9. NatBMomto4

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  10. Kaylas mom

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    Hugs Natalie, you are doing awesome. We are just starting too but it is so overwhelming.. one day at a time.
     
  11. Ellen

    Ellen Senior Member

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    Wonderfully supportive words of wisdom from above. Kudos to all who contributed so far. Looking forward to more people sharing what works.

    Many years ago (probably before some of you moms were born) I read a pop psychology book by Wayne Dyer called "Your Erroneous Zones". What stays with me from that book is that guilt serves no constructive purpose - it is not motivating, it is not empowering....it is simply self-punishing and in many ways immobilizing.

    Diabetes can be powerfully frustrating. Some of the management is completely outside of our control (stress, hormones, wrong nutrition info on packaging, impromptu exercise, our child ate more or less than anticipated....) and scope of knowledge at any given point in time. We feel pressure from medical professionals to get it right - to meet their expectations which become our own expectations without the knowledge and years of experience they have with diabetes. And we know from trying to manage diabetes 24/7 that some of those expectations are simply not achievable - but yet we continue to try to reach them anyway which adds to the frustration. It's helpful to understand what is within our control and what is not.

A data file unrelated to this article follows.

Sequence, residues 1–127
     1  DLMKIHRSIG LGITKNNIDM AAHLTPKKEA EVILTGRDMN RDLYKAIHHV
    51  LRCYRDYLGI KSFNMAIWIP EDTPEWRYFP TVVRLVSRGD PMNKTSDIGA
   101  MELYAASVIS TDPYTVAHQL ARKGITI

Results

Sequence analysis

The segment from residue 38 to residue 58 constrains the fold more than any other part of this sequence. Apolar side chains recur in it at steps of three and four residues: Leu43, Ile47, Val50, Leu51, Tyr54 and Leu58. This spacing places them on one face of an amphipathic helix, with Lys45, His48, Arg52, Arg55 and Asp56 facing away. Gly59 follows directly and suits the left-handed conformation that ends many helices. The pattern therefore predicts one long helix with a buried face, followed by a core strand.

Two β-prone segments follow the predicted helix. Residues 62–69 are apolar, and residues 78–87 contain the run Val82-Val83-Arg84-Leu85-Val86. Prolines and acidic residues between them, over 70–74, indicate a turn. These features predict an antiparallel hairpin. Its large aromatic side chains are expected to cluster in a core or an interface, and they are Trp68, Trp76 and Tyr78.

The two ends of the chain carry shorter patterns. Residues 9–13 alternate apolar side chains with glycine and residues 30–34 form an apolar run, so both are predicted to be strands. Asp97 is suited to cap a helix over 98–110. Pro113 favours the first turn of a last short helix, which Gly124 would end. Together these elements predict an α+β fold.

Most importantly we have to be kind to ourselves. As moms and dads, we have to balance the trying to figure out what went wrong or how we could have made a different choice, with lots of recognition of what we do well with the diabetes each and every time. We also have to take care of ourselves by eating well and exercising for our mental and physical health and include plenty of nurturing activities - for some that might mean a coffee date with a friend, a manicure, an art project (make a collage or take out some watercolors and paint, or buy some clay...), a hike or bike ride...the possibilities are endless but they must be incorporated regularly in our lives. Staying true to yourself, nurturing your needs will help you have the energy to raise a happy and healthy child with diabetes. (It's the old proverbial put the oxygen mask on yourself first so you can then help your child.) We are not just parents of a child with diabetes. We are whole people and we need to model that for our children as well.

    All the feelings are valid...and are worth exploring. Give your child the space to share how he/she is feeling as well as others in your life. We don't have to have a happy diabetes cheerleader face 24/7 (the opposite of the poker face). We have to be real. We also have to make sure our children don't confuse our feelings re the diabetes with being disappointed with the person. What also worked best for us over the last 21 years (and we continue to do so) is to use plenty of authentic and specific praise and acknowledgement with our children and spouses and others who help (and ourselves!!) surrounding the diabetes tasks (i.e. "thanks for checking even though you didn't want to interrupt what you were doing", "you looked so proud for giving yourself the shot - awesome", "wow you did a fabulous job estimating those carbs", "it's ok blood sugar went a high and it's wonderful you took the time to check and correct", "thanks for getting up in the middle of the night to check - I appreciate you", "I learned something new today about diabetes and that feels good"....).

    You're not alone.